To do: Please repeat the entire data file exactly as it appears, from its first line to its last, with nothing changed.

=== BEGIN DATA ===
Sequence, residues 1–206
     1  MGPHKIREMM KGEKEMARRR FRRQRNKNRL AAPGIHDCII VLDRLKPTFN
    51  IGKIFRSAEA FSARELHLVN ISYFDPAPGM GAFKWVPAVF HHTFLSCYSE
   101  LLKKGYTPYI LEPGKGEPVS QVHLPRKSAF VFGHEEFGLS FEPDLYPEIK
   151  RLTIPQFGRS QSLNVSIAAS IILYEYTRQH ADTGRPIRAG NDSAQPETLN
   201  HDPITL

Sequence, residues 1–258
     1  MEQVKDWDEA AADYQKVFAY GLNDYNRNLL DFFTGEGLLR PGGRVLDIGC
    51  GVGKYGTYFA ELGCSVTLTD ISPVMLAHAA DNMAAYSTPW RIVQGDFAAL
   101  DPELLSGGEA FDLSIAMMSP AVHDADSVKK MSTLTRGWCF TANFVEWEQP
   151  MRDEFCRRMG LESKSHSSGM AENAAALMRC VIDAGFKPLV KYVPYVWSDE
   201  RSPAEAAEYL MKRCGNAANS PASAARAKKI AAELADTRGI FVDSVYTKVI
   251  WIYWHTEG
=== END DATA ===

Sequence, residues 1–206
     1  MGPHKIREMM KGEKEMARRR FRRQRNKNRL AAPGIHDCII VLDRLKPTFN
    51  IGKIFRSAEA FSARELHLVN ISYFDPAPGM GAFKWVPAVF HHTFLSCYSE
   101  LLKKGYTPYI LEPGKGEPVS QVHLPRKSAF VFGHEEFGLS FEPDLYPEIK
   151  RLTIPQFGRS QSLNVSIAAS IILYEYTRQH ADTGRPIRAG NDSAQPETLN
   201  HDPITL

Sequence, residues 1–258
     1  MEQVKDWDEA AADYQKVFAY GLNDYNRNLL DFFTGEGLLR PGGRVLDIGC
    51  GVGKYGTYFA ELGCSVTLTD ISPVMLAHAA DNMAAYSTPW RIVQGDFAAL
   101  DPELLSGGEA FDLSIAMMSP AVHDADSVKK MSTLTRGWCF TANFVEWEQP
   151  MRDEFCRRMG LESKSHSSGM AENAAALMRC VIDAGFKPLV KYVPYVWSDE
   201  RSPAEAAEYL MKRCGNAANS PASAARAKKI AAELADTRGI FVDSVYTKVI
   251  WIYWHTEG